Flying high with a hot air balloon captain
Emmanuel “Manny” Lawson
Company: Sky’s the Limit
Favorite place to fly: Africa,
over the lions and tigers.
When he’s not flying, he’s…
hanging with daughters Kennedy,
3, and Devin, 9.
Something you don’t know about ballooning until you go... There’s no turbulence!
James Lawson’s balloon rose up over Encinitas and later landed in Rancho Bernardo safely, despite the dark clouds that blew in and a 40-mile-an-hour slide down a hill. With his heart thumping and a wild-eyed grin, he knew he had found his calling. And now, 20 years later, he’s one of the most avid balloon pilots in the country.
Lawson has long been a man of the sky, fascinated by flight as a young boy growing up in Encinitas. With his sights set on being a pilot early on, he started flying all types of aircraft at age 16. Though he was eventually hired by United Airlines, Lawson couldn’t pass the medical exam for commuter pilots, due to a minor health condition, eclipsing his plans for an aviation career.
One evening, while he was working with his father at their pool cleaning company, a hot air balloon sailed overhead, which prompted a sense of longing. “I needed to get back into the air,” he recalls. The next day Lawson saw an ad for flying hot air balloons and headed to Lake Elsinore for a demo flight. Enveloped in a deep fog bank the first time up, Lawson thought, This is cool. This is for me. He started taking lessons and got his license in a record seven days. Immediately, he bought a four- to five-person craft and called his dad, who reluctantly showed up to help as crew on the inaugural flight.
“If the weather’s good, I am flying every day,” says Lawson, who helms his family-owned-and-operated business, Sky’s the Limit, and its fleet of four balloons. He’s also one of just 24 pilots in the nation allowed to fly passengers during the Albuquerque International Balloon Fiesta, an event that draws close to a million people each fall.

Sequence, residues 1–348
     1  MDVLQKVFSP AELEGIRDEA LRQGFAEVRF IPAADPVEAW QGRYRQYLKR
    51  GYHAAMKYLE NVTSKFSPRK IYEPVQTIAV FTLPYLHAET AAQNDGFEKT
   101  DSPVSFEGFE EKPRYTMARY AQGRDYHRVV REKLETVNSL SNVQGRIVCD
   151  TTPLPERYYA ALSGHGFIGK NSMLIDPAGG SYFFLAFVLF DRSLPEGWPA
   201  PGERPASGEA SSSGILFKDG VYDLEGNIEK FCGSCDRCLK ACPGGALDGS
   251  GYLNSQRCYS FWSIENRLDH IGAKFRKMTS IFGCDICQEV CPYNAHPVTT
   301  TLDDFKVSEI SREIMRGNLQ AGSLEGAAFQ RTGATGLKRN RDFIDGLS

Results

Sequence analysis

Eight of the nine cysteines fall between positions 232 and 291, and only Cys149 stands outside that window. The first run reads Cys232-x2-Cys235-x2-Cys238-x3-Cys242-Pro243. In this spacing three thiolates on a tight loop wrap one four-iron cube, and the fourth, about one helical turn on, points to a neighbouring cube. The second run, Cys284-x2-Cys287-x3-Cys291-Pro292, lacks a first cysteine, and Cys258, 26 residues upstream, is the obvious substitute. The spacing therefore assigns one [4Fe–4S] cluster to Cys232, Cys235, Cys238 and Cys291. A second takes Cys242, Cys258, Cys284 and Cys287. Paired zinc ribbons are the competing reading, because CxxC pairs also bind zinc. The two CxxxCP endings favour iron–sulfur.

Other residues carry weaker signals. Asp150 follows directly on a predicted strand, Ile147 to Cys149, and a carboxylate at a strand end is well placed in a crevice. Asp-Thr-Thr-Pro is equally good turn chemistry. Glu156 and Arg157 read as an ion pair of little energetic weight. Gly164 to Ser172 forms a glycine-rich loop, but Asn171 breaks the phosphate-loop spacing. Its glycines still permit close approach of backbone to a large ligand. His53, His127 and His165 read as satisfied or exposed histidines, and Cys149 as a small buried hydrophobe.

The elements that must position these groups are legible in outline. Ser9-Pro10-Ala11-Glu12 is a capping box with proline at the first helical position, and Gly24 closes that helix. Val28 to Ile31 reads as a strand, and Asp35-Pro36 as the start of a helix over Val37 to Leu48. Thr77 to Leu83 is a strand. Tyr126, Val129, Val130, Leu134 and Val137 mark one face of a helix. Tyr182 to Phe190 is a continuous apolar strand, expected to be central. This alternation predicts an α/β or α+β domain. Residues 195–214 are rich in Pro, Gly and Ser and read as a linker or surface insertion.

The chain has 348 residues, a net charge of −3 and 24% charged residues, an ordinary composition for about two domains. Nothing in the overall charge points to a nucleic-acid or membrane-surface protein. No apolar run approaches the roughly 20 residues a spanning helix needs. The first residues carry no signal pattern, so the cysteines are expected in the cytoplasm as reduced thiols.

His role as the sole sales rep for Ultramagic, the leading balloon manufacturing company in Spain, has led the intrepid pilot deeper into adventure. Just this past summer, Lawson piloted one of five balloons for Ultramagic that sailed over Mount Kilimanjaro at 26,000 feet, breaking the world record of the most balloons to pass over the summit at the same time. “It took four and a half hours to cross over. We had to wear oxygen masks and supply oxygen to the burners so they’d stay lit,” he says.
But that wasn’t the scariest part. “After flying over the top, we landed on the backside of a mountain in Tanzania and 200 guys came running at us with machetes, trampling the balloon and chanting. They threatened to kill us if we didn’t give them money. Fortunately, I was wearing clothing and jewelry from the Maasai [African tribe] which they recognized, but my comrades were being harassed. We finally gave them about $250 and talked them into taking our equipment to the village so we could get transported out.”
In the relatively tame territory of North County, Lawson takes people from ages three to 103 on recreational balloon adventures, rising on average to 3,000 feet. “San Diego has the most ideal conditions for flying.” He loves watching people’s reactions when ballooning for the first time. “It bonds perfect strangers.”
So what’s next for the balloon man? “I just added a new balloon to my fleet, made for Hendrick’s Gin, that’s one of the most beautiful in the world because of its intricate design—each panel was hand-dyed and sewn,” he says. Lawson will take his new prized possession to Albuquerque for the balloon festival, and then it will reside in Encinitas. But naturally, he’s got more adventure on the horizon: “I am headed over to Switzerland for the Château-d’Oex hot air balloon event in early 2013. I want to fly over the Swiss Alps.”
For Lawson, the possibilities are limitless, as he seemingly has no fear. “I am not ever scared when flying, as I feel safer in a balloon than I do in my own car.”
"San Diego has the most ideal conditions for flying," Lawson says. "It bonds perfect strangers."